Cleaver’s All-Flash “.5” Preview Issue launched on February 1 with seventeen tiny pieces: a wintry mix of short-short fiction, nonfiction, poetry, plus our cover essay by photographer Blake Martin, highlighting his gorgeous, paradoxically profound series of Instagram self-portraits. The Preview Issue includes established writers, such as poet Frances Brent and flash fiction specialist Thaddeus Rutkkowski, and some new voices. This was a first publication for poets Anna Strong, a senior at the University of Pennsylvania, and for concert violinist Samuel Thompson. For a detailed introduction to the Preview Issue, and to Cleaver, see Karen’s blog at RilesmithArts.com.
Issue No. 1 blows in on March 4th with six full-length stories, three essays, seven poems, a sprinkling of flash (ten, actually), and three art showcases: photography by the self-taught 16-year-old British prodigy Eleanor Leonne Bennett; a brief retrospective of works on paper by New York artist Ira Joel Haber; and our cover feature: a conversation with artist William Sulit about his foray into the curious realm of 3-D digital design, written by his wife, writer Beth Kephart, whose nonfiction flash piece “Scrabble” appeared in the Preview Issue.
Two fiction writers return from the Preview Issue with full-length stories: in Michelle E. Crouch’s “Free Coffee For Atheists“, a father desperately tries to reconnect with his teenage son. In Rebecca Entel’s “Perfect Companion“, a couple grapples with the aftermath of a traumatic physical injury. The fiction in this issue touches on recurring themes of family, the quest for connection, and powerful, sometimes violent young female protagonists. Our youngest writer in this issue is 20-year-old Darlene P. Campos, an undergraduate in the writing program at the University of Houston, whose contribution, “And We Slept in a Wigwam“, is a love story about a young Navajo couple struggling to survive in a harsh and meager environment.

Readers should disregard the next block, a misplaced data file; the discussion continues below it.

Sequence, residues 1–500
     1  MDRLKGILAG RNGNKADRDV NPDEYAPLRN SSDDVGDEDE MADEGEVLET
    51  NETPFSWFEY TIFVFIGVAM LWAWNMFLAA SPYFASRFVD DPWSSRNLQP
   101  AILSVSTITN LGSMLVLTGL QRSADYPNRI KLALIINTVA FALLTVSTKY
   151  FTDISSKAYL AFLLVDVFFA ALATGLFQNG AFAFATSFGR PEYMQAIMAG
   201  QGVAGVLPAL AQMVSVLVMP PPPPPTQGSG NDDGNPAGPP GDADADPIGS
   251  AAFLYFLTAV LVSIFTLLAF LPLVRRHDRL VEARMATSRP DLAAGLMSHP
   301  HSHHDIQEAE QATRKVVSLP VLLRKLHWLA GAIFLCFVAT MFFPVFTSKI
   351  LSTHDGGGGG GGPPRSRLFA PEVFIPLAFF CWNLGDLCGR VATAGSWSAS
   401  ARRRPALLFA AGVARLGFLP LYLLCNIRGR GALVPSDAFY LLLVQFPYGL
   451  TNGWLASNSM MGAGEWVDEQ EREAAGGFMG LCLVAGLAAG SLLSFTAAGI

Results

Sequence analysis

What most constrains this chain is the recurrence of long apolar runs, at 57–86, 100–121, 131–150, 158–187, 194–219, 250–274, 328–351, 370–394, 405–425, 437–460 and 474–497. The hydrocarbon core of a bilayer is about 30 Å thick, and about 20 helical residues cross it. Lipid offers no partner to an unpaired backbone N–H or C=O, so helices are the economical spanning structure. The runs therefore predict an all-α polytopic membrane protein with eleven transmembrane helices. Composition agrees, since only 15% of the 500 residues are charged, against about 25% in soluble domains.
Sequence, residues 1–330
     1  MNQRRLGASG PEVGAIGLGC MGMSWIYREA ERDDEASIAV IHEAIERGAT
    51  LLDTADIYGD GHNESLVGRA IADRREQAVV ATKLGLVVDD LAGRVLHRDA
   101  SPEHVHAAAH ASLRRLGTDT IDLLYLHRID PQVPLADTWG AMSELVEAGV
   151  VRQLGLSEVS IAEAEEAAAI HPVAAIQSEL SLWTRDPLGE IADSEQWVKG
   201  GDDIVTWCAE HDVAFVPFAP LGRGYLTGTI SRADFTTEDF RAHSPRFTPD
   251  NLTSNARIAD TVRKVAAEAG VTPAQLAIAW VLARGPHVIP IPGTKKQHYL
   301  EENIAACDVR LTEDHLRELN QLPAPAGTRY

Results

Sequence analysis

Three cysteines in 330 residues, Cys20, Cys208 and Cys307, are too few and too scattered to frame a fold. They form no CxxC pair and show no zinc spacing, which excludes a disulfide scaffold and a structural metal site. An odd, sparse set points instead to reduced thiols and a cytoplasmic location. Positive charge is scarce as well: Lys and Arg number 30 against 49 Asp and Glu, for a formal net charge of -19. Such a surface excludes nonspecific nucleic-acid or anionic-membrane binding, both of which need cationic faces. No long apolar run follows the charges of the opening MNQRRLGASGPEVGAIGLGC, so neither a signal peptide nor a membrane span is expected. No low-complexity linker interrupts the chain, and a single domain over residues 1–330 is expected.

One of the first pieces to come in as a submission when we launched our website in early January was Renée K. Nicholson‘s essay “Out of the Blue“. We instantly loved this lyrical articulation of a ballet dancer’s journey through a role and deep connection with her own body. Equally evocative of body and environment, from this issue’s poetry, are Marybeth Rua-Larsen’s “Heat” and John Timpane’s “In A Dry Month,” which each summon a sensory crush that will lift you out of this chilly March. Lawrence Eby’s excerpt from Flight in August, a longer series of work addressing natural disaster, offers stark and crackling images of destruction, while the language of Deborah Burnham’s “Albino” builds a lush, fantastical refuge for its titular character.
Cleaver would not be Cleaver without (thwack!) Flash, and we’re pleased to follow up our all-flash Preview Issue with a strong and varied collection of flash prose pieces. Part prose-poem, part story, these little bonbons squeeze tremendous energy into a tiny package. They’re like the sun-dried fruits of the literary world. Ann de Forest’s chilling “Closing the Curtains” will keep you up at night. Rachel R. Taube’s “Worm Dirt” echoes themes from the stories by Keith Rebec and Katherine Higgs-Coulthard with great compression. Jim Eigo, Charles Rafferty, and Kevin Tosca bring us three intense little tales of public transportation. We won’t pick favorites because they’re all wonderful. And short enough to devour in a single sitting, like a box of miniature chocolates.
What’s up next? Issue No. 2 (coming in June) will debut section of dramatic/spoken word writing. We’re in the process of gathering works of fiction, nonfiction, poetry, and art. Are you an artist/writer/dramatist? Why not submit to Cleaver?